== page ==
Mohawk is a mega-flooring brand, so they aren’t ignoring the fast-growing segment of luxury vinyl. They have a wide range of luxury vinyl from budget to more premium. It’s great to hit all types of floor shoppers but means you have to do a bit more homework. In fact, I’ve emailed their support regarding their different lines and the response was essentially “you’ll have to ask the retailer.”
Their stance on VOCs and phthalates: Similar to their response on lines of flooring, support really wasn’t able to tell me. I’ll dig a little deeper, but in the meantime, probably stay away if you’re wanting to avoid phthalates and VOCs.
Shaw is like Mohawk: one of the biggest flooring manufacturers. These manufacturers usually have a wide range of lines to cover everything from budget to higher-quality. The problem is you have to do your homework more yourself. I haven’t received a response from Shaw regarding their product lines or their stance on phthalates and VOCs. I’ll keep trying and update as I receive more information.
This is a Lowe’s exclusive luxury vinyl. I’d call it a mid-range luxury vinyl with a 12 mil wear layer, but it does have a lifetime warranty (although, I usually think warranties are worthless). It’s not the cheapest flooring (after all, it is pretty good quality), but it fits most budgets at around $3-4 a square foot.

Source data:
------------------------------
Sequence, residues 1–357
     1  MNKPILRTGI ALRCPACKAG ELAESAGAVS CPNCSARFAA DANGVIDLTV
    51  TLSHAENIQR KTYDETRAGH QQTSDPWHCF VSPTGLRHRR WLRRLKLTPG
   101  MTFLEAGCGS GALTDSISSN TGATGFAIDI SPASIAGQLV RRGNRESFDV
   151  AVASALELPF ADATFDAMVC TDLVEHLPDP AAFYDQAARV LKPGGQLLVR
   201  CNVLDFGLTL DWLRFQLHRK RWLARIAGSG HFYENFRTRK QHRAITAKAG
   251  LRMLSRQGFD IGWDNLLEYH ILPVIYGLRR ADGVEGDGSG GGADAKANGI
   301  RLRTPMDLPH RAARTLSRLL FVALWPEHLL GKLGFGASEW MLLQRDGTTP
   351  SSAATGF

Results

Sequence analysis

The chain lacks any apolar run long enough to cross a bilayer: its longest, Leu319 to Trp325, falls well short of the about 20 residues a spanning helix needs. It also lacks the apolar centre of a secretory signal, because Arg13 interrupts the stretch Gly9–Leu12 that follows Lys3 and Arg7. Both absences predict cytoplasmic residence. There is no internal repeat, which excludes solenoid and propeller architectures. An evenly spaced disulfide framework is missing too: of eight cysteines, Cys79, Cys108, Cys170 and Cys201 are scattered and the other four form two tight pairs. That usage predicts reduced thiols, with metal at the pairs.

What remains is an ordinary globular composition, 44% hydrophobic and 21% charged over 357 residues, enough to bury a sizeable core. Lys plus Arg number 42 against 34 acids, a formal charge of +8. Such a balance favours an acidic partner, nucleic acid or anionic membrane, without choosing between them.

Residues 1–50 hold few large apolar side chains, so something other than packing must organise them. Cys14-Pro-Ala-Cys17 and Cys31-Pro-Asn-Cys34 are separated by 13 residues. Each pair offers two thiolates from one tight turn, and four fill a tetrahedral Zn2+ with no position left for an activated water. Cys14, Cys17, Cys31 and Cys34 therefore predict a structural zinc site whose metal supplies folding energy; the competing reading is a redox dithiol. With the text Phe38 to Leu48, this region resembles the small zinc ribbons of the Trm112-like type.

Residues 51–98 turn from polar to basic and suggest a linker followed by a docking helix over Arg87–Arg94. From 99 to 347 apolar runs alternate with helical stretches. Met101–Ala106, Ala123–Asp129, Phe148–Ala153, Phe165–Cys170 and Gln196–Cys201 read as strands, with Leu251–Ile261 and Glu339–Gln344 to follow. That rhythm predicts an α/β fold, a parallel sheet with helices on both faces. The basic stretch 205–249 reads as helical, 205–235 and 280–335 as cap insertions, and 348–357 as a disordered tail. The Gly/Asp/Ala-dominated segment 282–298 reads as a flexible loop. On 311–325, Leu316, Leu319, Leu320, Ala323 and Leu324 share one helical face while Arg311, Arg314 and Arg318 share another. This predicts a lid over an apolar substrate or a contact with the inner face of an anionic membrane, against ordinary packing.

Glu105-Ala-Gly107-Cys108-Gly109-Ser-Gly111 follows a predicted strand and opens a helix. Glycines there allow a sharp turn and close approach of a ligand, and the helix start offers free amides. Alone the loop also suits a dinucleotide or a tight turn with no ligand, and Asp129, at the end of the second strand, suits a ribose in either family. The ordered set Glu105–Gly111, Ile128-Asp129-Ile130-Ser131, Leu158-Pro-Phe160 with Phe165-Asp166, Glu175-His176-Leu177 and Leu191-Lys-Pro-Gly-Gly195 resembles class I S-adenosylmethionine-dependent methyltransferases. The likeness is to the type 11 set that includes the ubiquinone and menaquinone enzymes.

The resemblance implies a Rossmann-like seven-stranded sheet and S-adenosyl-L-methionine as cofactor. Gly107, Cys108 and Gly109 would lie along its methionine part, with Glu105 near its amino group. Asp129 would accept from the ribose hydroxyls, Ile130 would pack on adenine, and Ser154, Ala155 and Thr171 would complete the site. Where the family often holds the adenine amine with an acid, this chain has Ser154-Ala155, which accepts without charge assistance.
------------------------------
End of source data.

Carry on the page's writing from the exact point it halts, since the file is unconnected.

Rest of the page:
Their stance on VOCs and phthalates: This Lowe’s flooring is Greenguard certified and free of formaldehyde and phthalates. It’s good seeing some of the major retailers’ big brands taking steps against indoor air pollution.
This is the #1 brand on BuildDirect’s website. It’s a wide-ranging brand but generally very good quality. The high-end is nearly 9mm thick, has a 28mil wear layer, and an eco-friendly foam layer. Even their most budget-friendly products don’t go below a 10mil wear layer. Also, all of their floors are FloorScore certified for low VOCs. I believe this is a private labeled brand (multiple manufacturers put it under this name), and it has very inexpensive luxury vinyl for the level of quality.
Their stance on VOCs and phthalates: I’m unable to find this companies stance on VOCs/phthalates since they are private labeled; however, they are sold by BuildDirect and BuildDirect verifies that all of their floors meet California’s CARB II standard, which is strict for indoor pollution (but doesn’t necessarily guarantee no phthalates).
Captain’s parting words!
I think often flooring shoppers care too much about the brand. However, there are still certain brands that will or won’t be for you.
Hopefully, this article helped point you in the right direction.
If you haven’t already, I’d recommend checking out my unbiased luxury vinyl guide to determine other (possibly more) important factors when buying your new floor.